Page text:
It is true that the non-communitarian kibbutzim were not “the same” as Soviet farms. The Soviet system created scarcity from top to bottom, through the State authoritarianism of the single party, while the kibbutzim of the Marxist tendency created it with democratic procedures. And, without a doubt, the kibbutzim found scarcity produced by a majority-driven system that was sincerely concerned about community more acceptable than that produced by an authoritarian State system. But, in the end, what is unbearable is the logic of scarcity as the governor of life in common because it’s inevitably going to create an intimate ideology that will see every decision as a “zero-sum game”. Regarding the rest of the world, what’s left of all mechanical communitarianism is the same thing that’s left of monasticism: the idea that a community is a zero-sum game where, when the “community” wins, the individual loses. So, when tensions become unsustainable, the crisis always blows up due to fairly rapacious and suicidal individualism, but ultimately, isolating, myopic, and defeatist individualism.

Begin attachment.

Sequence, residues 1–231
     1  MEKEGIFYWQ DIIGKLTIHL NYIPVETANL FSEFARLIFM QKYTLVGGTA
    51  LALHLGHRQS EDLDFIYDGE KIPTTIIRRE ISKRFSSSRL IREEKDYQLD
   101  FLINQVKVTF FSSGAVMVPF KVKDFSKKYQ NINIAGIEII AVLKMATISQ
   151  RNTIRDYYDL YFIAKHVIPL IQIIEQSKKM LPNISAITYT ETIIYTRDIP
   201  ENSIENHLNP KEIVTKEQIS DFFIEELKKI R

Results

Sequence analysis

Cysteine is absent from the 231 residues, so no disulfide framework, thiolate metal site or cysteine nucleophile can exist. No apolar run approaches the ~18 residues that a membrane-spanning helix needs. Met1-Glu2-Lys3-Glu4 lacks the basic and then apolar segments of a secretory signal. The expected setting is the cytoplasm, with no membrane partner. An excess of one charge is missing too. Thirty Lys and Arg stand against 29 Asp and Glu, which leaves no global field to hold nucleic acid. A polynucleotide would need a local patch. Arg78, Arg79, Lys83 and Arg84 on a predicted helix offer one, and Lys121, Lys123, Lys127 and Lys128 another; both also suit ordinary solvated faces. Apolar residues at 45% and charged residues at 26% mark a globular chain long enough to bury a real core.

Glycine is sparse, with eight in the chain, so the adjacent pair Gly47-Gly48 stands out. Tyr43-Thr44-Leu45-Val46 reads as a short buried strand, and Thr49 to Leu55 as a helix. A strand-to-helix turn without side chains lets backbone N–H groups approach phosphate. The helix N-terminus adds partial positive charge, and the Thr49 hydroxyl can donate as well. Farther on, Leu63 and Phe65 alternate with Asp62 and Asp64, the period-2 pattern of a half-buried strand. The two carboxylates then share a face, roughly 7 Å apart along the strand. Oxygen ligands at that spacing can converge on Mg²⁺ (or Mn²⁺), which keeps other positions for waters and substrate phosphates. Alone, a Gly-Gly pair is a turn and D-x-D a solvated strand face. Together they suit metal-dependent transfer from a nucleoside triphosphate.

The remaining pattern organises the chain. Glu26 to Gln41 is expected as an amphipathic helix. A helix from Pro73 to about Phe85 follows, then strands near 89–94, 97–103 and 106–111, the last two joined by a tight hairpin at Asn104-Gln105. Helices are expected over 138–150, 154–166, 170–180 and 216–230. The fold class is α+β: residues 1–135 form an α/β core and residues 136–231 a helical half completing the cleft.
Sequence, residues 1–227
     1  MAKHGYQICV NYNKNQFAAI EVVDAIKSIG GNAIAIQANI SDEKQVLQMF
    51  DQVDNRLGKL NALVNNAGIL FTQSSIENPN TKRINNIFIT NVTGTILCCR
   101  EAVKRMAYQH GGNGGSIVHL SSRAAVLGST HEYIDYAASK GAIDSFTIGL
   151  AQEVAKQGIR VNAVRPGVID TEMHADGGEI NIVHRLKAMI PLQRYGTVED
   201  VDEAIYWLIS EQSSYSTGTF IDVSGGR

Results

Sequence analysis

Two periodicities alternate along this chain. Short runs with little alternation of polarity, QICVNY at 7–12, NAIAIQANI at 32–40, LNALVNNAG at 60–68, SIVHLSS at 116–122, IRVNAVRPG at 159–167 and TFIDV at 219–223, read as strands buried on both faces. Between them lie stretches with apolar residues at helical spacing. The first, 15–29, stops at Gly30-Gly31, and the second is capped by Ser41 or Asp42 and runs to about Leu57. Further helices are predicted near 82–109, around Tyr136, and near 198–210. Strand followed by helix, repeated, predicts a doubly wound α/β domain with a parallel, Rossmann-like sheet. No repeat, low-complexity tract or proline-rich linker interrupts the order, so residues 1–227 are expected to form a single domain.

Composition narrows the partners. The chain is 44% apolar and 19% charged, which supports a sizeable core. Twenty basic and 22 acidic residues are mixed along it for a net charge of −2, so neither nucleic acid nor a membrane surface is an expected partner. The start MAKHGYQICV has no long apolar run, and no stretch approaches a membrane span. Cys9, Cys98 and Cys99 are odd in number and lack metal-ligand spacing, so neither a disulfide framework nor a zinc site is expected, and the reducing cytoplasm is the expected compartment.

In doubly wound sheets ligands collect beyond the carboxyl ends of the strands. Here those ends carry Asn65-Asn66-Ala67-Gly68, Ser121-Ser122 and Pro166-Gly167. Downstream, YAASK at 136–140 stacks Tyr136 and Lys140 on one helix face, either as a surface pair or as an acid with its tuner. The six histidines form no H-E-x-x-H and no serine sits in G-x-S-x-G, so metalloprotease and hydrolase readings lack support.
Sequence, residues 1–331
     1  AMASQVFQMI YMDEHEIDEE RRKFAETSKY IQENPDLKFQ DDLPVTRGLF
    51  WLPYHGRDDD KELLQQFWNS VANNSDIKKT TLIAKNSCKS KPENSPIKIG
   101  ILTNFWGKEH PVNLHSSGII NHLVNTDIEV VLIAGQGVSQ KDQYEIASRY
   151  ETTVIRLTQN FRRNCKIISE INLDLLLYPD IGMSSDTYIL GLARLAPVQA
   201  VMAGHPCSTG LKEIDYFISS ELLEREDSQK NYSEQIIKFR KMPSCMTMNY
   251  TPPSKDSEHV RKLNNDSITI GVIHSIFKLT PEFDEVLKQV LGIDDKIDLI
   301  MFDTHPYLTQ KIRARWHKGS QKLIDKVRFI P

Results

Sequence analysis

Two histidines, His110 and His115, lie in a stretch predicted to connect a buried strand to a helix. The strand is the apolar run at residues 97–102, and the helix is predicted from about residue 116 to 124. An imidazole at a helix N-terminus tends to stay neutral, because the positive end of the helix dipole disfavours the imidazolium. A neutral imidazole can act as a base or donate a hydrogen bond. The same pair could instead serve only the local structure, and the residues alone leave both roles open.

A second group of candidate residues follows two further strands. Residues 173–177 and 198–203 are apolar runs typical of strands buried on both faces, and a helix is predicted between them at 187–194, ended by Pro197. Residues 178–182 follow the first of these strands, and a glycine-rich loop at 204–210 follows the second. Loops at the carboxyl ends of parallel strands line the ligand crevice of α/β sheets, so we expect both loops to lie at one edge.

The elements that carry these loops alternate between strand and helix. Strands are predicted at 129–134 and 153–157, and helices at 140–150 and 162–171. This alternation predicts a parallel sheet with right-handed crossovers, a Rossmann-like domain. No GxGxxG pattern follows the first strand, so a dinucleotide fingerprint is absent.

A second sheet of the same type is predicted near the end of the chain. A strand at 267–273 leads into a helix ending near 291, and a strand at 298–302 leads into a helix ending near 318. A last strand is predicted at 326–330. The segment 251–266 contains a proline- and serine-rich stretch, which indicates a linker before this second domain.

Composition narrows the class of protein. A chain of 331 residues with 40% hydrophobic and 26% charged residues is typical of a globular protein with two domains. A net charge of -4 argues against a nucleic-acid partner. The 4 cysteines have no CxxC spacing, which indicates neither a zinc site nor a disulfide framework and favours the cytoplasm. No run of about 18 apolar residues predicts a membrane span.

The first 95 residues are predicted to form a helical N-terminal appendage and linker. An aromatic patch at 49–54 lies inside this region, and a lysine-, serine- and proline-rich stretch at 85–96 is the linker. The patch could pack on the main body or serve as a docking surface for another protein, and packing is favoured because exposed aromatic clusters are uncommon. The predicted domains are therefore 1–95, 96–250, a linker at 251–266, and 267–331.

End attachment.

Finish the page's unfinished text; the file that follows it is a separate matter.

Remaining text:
Why do organizational charts make us nervous?
Nothing represents the mechanical conception of the human organization better than an organizational chart. Sometimes needed, is true, but if we need it to tell others what we are, normally it’s because we have an over-scaling problem. If we tell ourselves what we are by using it, we don’t value the real community that supposedly is are underneath–the individuals and organic relationships that make it.
But when the organizational chart expresses planning and desire, when the organizational chart really is an organizational program, and therefore political, it could be said that is, in fact, an extreme idealization of the mechanical component of the organization. All those structures, groups, committees, all those names cry out from the paper about the absence of real names, names of people who take and accept personal responsibilities, who think of themselves in a mesh of family affection, couple affection, and friendship. The work of the org chart has to encapsulate the explicit commitment that they could make to a stranger indistinguishable from any other. People are limited thus to predictable capacities, and they become interchangeable.
The community then becomes a mere form, an empty structure, anonymous. That’s the opposite of what always gives the word “community” an affective ring.